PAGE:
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49 | In addition, the comparison functions (=, <, >, <=, >=) are no longer |
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50 | inline. This is due to the fact that in order to correctly compare |
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51 | flonums, they need to be converted to a bignum and then compared. We |
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52 | *could* decide to rip this out, but that would result in unexpected |
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53 | things, like: (< 19000000000000000.0 19000000000000001) => #f or |
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54 | (= 19000000000000000.0 190000000000000001) => #t |
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55 | These are currently the case, too. This is due to precision loss from |
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56 | the fix->flo conversion (which means we drop from 62 bits to 54 bits). |
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57 | Because we _are_ comparing inexact numbers (which could already have |
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58 | lost information before comparing them), we could decide to ignore |
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59 | these edge cases and keep them like they are. For the "=" function |
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60 | that would mean it can remain inlined and non-allocating. For < and >, |
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61 | however, this doesn't help: in the case of ratnums we must multiply the |
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62 | numerator of x with the denominator of y and vice versa, and compare |
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63 | the results. This means we're stuck with an allocating, non-inlineable |
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64 | function. Because of this, I decided to keep the comparison functions |
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65 | all non-inlineable. |
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66 | |
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67 | Finally, the C implementation of the comparison functions as well as |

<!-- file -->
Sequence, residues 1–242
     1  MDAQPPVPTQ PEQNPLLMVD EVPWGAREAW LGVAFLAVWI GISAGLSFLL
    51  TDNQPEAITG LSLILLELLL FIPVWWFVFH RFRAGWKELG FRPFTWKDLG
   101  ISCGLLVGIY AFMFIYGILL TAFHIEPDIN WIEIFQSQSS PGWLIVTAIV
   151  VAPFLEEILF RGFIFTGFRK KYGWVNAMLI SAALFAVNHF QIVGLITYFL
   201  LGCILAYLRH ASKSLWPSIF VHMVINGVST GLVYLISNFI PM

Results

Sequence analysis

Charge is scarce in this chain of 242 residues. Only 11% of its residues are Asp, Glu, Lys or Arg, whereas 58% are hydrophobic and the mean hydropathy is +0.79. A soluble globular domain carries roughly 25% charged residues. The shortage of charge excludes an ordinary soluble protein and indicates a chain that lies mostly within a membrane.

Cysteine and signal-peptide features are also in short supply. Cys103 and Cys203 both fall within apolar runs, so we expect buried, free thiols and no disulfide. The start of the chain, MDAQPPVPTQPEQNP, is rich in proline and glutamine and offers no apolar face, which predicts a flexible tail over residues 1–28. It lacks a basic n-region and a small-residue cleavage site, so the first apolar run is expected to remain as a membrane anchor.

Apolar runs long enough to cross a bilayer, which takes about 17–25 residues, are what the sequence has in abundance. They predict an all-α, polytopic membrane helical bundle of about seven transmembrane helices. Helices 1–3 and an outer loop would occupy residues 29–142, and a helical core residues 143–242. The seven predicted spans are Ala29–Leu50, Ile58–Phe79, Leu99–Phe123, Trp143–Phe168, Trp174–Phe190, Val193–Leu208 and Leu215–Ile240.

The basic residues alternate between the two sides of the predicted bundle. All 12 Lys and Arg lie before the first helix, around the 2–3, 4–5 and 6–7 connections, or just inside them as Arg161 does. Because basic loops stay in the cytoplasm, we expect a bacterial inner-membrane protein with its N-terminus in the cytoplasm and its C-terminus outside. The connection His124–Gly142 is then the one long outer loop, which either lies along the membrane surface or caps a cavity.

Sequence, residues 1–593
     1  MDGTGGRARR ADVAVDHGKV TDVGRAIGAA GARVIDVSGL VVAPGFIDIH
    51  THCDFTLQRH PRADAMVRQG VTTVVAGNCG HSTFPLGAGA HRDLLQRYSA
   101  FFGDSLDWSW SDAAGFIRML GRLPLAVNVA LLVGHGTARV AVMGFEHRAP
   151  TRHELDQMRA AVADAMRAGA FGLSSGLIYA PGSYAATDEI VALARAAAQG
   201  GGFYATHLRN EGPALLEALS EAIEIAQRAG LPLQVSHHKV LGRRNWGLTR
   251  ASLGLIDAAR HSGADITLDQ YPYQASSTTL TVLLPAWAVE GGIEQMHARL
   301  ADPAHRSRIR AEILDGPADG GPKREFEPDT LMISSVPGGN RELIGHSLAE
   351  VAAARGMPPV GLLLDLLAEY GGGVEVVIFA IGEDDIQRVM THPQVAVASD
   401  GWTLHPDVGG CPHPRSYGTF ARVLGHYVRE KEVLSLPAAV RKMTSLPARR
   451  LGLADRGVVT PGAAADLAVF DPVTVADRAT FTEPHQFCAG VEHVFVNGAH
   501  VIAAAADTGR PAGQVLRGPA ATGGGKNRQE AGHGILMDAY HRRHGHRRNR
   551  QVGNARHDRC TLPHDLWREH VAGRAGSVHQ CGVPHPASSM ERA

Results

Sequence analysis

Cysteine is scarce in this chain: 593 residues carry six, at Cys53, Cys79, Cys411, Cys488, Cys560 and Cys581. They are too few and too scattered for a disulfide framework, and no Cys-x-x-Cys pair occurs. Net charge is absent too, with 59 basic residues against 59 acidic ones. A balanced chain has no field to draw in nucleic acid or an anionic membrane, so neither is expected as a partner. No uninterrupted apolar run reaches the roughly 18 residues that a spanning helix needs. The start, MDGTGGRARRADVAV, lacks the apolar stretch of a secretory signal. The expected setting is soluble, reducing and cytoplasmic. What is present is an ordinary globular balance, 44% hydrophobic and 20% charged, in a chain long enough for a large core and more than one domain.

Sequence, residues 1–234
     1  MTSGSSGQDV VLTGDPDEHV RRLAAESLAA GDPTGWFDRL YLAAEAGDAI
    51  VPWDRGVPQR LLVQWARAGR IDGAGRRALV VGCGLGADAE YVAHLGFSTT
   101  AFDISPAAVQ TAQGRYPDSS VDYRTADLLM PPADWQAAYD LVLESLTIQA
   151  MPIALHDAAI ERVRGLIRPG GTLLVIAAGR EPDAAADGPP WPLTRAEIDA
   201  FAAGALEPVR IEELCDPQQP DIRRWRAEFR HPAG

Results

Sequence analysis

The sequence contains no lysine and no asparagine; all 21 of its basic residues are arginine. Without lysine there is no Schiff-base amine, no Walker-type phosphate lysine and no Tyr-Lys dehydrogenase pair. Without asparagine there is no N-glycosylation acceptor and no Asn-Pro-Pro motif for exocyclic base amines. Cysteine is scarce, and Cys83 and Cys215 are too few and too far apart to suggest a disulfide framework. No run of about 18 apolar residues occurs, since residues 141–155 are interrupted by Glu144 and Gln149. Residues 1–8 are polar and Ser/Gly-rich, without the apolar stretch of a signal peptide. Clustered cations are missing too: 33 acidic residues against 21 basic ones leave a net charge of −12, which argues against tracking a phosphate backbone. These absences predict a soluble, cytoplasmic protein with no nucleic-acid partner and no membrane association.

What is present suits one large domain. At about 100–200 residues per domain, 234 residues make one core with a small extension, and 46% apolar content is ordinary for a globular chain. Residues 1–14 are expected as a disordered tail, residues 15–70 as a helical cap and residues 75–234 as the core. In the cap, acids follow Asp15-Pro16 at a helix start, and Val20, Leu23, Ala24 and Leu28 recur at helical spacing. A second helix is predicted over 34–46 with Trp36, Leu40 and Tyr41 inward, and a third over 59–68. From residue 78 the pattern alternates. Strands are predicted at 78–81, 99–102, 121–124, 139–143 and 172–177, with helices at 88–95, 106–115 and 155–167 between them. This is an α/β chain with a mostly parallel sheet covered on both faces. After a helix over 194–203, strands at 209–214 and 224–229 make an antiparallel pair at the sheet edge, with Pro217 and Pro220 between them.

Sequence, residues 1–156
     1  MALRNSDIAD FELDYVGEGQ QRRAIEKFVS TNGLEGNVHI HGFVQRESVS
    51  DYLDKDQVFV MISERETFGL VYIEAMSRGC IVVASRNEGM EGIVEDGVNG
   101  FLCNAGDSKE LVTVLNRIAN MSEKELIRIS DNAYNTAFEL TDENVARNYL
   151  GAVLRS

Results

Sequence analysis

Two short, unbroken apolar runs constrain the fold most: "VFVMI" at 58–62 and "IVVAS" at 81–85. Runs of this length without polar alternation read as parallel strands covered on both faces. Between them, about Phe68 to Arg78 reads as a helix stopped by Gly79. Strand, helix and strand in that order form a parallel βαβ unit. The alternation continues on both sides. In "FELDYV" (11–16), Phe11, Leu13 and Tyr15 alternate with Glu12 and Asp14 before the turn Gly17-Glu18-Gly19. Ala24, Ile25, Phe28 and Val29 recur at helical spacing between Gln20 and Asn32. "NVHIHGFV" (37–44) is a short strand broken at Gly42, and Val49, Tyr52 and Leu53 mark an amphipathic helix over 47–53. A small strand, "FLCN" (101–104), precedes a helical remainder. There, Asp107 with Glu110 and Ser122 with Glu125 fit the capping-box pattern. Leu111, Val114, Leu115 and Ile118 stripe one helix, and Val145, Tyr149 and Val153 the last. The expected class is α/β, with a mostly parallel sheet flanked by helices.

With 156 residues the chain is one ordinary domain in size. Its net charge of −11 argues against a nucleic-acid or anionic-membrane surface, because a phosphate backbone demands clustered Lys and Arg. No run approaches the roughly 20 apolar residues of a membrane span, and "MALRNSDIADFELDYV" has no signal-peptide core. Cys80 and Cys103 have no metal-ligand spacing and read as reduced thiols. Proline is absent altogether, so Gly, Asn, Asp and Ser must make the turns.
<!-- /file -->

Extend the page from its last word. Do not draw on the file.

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68 | +, -, * and / are no longer vararg functions. Instead, the variadic |
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69 | part is handled in Scheme, and the C implementation only compares two |
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70 | numbers at a time. This shouldn't be too much of a performance impact |
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71 | considering they already have to be in CPS context anyway. Plus, |
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72 | calls with two operations can easily be rewritten to a direct call, |
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73 | which leads us to... |
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74 | |
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75 | ==== Specializations |
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76 | |
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77 | There's some light at the end of the tunnel: In critical |
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78 | number-crunching code, you'll usually be working with either integers |
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79 | or flonums (or you'd already be using the old numbers egg and |
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80 | everything would be shit-slow anyway). These two situations are |
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81 | catered to specifically by specialized versions. This is where the |
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82 | specialization/scrutiny stuff really shines: if we know something is a |
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83 | whole integer, we can use unsafe operations that only need to check a |
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84 | single bit to distinguish whether a number is fixnum or bignum, just |
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85 | like in the old situation we could this to distinguish between fixnum |
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86 | and flonum. |
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87 | |
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88 | This case should be easy to infer. There's one caveat: do not use the |
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89 | "/" division operator, because this may result in a ratnum. Instead, |
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90 | in fast code where you know you're dealing with integers, it's best to |
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91 | use "quotient", instead. And of course, if you use the trigonometric |
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92 | operations you may get a flonum, which will also result in the generic |
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93 | number functions being used. |